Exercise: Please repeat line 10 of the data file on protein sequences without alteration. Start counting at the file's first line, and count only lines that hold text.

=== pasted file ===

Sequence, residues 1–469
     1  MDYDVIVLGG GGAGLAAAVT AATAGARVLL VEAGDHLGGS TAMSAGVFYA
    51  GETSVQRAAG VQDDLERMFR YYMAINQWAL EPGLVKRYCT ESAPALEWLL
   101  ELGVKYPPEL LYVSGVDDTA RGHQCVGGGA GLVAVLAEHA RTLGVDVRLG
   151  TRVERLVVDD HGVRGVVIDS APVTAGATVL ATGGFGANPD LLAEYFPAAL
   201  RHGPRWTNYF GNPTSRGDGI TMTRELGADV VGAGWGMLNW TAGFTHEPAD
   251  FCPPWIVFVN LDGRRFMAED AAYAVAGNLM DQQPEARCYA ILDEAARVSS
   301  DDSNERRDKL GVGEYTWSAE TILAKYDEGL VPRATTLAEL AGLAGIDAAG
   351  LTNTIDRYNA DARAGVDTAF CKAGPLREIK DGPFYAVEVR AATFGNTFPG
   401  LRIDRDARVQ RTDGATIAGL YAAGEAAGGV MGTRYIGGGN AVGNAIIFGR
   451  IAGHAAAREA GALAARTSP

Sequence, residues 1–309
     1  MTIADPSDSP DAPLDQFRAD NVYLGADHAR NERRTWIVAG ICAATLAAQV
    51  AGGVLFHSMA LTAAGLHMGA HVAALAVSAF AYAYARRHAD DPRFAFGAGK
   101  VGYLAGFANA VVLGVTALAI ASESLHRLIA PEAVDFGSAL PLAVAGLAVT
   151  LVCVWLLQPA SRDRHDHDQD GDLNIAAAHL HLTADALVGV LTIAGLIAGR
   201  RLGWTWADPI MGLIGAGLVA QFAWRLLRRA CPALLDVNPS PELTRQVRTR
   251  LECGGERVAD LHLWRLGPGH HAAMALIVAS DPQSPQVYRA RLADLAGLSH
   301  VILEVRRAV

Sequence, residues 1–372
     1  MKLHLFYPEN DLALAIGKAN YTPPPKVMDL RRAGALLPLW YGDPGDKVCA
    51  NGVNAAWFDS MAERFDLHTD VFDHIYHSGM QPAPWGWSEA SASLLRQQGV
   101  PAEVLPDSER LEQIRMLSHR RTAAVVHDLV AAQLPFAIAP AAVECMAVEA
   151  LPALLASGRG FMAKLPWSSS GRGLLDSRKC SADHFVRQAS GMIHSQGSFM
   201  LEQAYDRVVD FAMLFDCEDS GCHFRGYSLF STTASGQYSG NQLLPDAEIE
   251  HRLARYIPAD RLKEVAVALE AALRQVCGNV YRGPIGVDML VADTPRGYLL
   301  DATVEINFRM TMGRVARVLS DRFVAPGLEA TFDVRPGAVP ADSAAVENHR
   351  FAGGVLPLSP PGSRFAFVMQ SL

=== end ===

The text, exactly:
   401  LRIDRDARVQ RTDGATIAGL YAAGEAAGGV MGTRYIGGGN AVGNAIIFGR